Playthings and Curios: Historic Inuit Art at the Canadian Museum 
of Civilization Back Next

One area of Inuit artistic expression during the historic period was the making of amulets. Before the advent of missionaries, amulets were part of the people's daily life.

"While the human soul was considered to be powerful and the main source of all women's and men's strength, inevitably difficulties arose that could not be resolved by mortals alone. Each Inuk therefore had a helping spirit or 'familiar,' who aided the hunt and other ventures and protected the person from sickness and accidents.

The familiar could be embodied in items worn on or in clothing, such as a carving, animal tooth, claw, or piece of skin, or an unusual objet trouvé." (Issenman, p. 184)

According to Boas, " the most common varieties of amulets were the feather of an owl, a bear's tooth, and the like ... (p. 184). It was often part of the shaman's responsibilities to make amulets (Hawkes, p. 130).

In Labrador, a thong of sealskin worn around the wrist was an almost universal custom. Feet of birds were also common charms (Hawkes, p. 136).

In the Ungava region, some charms were worn to ward off attacks of evil-disposed spirits; others served as remembrances of deceased relatives (Turner, p. 37).

Petitot made specific reference to ivory carvings as amulets in 1876. He noted that Inuit along the Mackenzie River decorated their dresses and belts with small ivory animal figurines
(Petitot, p. 7).

Amulet Cluster
Amulet Cluster, 1913 – 1916
Area around Chesterfield Inlet, Nunavut
Ivory, sinew
Length 15 cm
CMC IV-C-911
Collected by Danish anthropologist Christian Leden
during his expedition to the Keewatin from 1913 to 1916

Although Leden lists these as "models of animals and old tools no longer in use and partially unknown ...," we can assume that the strung together small carvings were used as amulets before being bartered to him. He reports having collected the string from the Aivilik tribe.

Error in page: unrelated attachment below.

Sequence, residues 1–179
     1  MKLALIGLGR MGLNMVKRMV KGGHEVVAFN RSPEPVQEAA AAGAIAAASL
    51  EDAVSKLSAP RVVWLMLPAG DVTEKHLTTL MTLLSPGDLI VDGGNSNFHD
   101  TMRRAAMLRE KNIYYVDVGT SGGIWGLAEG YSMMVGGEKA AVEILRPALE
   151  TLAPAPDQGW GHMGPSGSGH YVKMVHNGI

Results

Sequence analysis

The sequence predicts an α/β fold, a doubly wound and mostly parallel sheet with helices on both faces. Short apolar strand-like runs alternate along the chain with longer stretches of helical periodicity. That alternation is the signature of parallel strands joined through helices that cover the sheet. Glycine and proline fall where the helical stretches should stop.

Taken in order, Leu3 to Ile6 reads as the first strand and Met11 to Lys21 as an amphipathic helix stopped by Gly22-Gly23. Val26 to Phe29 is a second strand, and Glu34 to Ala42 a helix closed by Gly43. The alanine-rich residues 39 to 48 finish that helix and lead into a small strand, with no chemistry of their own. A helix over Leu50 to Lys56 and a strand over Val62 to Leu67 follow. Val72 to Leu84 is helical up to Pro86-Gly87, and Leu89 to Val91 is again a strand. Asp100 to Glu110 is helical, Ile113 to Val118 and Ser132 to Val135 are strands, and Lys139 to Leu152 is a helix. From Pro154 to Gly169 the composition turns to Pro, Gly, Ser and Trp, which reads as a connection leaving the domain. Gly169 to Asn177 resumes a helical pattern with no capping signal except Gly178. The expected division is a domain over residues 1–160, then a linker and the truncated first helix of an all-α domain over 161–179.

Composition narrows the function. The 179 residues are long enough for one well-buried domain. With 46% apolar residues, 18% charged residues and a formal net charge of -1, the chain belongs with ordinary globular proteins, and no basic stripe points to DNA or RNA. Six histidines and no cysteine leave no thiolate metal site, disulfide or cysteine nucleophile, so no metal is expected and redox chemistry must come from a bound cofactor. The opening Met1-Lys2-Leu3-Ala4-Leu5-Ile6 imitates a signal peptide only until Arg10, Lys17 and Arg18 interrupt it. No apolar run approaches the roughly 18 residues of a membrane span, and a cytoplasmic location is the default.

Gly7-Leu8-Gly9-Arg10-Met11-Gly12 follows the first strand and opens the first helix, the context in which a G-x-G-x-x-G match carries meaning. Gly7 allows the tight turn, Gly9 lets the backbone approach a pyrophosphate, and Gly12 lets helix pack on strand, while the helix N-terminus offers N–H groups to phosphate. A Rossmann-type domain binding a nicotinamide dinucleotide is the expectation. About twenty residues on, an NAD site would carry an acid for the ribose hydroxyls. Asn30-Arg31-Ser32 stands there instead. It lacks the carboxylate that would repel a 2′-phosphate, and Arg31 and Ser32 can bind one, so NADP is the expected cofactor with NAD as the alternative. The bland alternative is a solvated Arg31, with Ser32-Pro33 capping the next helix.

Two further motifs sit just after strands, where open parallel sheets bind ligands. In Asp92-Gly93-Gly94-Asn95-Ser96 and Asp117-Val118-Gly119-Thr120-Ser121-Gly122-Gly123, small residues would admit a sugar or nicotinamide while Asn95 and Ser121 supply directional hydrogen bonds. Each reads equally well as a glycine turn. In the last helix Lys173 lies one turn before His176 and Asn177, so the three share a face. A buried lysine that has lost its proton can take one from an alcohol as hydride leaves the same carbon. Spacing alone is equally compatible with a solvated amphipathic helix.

Exhibition History:
Threads of the Land: Clothing Traditions from Three Indigenous Cultures. Canadian Museum of Civilization, Hull, Quebec, February 2, 1995 to September 14, 1997.

1994 – Hall, Judy; Jill Oakes and Sally Qimmiu'naaq
Sanatujjutt: Pride in Women's Work. Copper and Caribou Inuit Clothing Traditions. Hull: Canadian Museum of Civilization, ill. p. 59.

Ivory Seal, 1912
Aillik Bay, near Hopedale, Labrador
1 x 3.5 cm
CMC IV-B-160
Collected by anthropologist Frank Speck while doing fieldwork in Labrador
Ivory Seal

The hole in the seal's head is an indication that this was used as an amulet, possibly to bring on success in the seal hunt.

Boas, Franz
[1888] 1964 – The Central Eskimo. Reprint, Lincoln: University of Nebraska Press.

Hawkes, E. W.
1916 – Labrador Eskimo. Ottawa: Government Printing Bureau, (Geological Survey of Canada) Memoir 91; Anthropological Series, No. 14.

Kobayashi Issenman, Betty
1997 – Sinews of Survival. Vancouver: UBC Press.

Petitot, Emile
1867 – Monographie des Eskimaux Tchiglit. Paris : Ernest Leroux.

Turner, Lucien
[1894] 1979 – Indians and Eskimos in the Quebec – Labrador Peninsula. Ethnology of the Ungava District, Hudson Bay Territory. Quebec: Presses Comiditex.